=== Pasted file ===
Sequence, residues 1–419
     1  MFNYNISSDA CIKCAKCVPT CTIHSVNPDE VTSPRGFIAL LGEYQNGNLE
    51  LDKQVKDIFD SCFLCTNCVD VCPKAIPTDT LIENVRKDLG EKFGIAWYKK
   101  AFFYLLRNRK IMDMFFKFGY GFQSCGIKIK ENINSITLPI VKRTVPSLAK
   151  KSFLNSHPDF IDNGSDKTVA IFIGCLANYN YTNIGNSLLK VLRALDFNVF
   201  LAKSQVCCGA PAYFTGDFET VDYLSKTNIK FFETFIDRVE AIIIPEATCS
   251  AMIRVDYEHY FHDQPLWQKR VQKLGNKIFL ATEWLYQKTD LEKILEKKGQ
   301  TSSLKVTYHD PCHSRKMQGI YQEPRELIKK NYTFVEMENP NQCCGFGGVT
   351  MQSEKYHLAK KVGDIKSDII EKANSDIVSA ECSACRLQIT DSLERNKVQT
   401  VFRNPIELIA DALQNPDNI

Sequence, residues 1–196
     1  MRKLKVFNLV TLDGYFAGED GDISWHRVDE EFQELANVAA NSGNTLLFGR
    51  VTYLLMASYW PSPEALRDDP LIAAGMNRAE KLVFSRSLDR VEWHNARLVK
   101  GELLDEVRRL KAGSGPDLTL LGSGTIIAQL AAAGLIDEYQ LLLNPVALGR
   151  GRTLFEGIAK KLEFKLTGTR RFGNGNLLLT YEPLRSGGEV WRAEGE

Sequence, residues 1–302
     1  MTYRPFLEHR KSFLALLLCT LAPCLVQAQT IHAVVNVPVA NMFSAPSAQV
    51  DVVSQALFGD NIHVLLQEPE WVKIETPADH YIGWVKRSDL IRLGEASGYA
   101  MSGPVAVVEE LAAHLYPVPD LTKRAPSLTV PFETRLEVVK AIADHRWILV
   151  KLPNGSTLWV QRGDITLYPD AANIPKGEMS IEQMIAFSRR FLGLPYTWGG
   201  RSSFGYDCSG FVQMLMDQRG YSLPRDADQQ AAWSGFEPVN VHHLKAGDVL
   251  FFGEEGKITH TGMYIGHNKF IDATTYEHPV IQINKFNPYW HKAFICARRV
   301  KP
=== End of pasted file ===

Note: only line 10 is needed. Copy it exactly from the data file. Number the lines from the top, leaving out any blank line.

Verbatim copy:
   401  VFRNPIELIA DALQNPDNI